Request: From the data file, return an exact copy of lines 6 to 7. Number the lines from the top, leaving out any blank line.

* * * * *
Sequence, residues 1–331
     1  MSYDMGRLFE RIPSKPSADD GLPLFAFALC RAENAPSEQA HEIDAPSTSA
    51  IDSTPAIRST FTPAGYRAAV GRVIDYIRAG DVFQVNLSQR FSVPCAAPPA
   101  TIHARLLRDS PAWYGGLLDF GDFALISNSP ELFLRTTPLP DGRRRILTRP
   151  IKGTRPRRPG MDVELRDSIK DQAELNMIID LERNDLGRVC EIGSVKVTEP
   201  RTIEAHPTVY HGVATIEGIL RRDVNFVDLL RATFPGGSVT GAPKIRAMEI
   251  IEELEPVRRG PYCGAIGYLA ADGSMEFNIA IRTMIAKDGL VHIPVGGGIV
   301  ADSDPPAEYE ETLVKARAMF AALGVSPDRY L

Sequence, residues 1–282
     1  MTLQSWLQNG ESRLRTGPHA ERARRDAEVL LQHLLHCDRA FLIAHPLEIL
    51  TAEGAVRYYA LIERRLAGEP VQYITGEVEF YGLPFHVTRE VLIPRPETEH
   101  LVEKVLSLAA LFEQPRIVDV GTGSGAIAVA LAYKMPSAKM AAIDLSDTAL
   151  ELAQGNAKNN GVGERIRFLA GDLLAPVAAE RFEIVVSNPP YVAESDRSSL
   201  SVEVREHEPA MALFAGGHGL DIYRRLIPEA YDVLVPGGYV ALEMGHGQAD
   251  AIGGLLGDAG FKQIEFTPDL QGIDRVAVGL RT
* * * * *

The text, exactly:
   201  RTIEAHPTVY HGVATIEGIL RRDVNFVDLL RATFPGGSVT GAPKIRAMEI
   251  IEELEPVRRG PYCGAIGYLA ADGSMEFNIA IRTMIAKDGL VHIPVGGGIV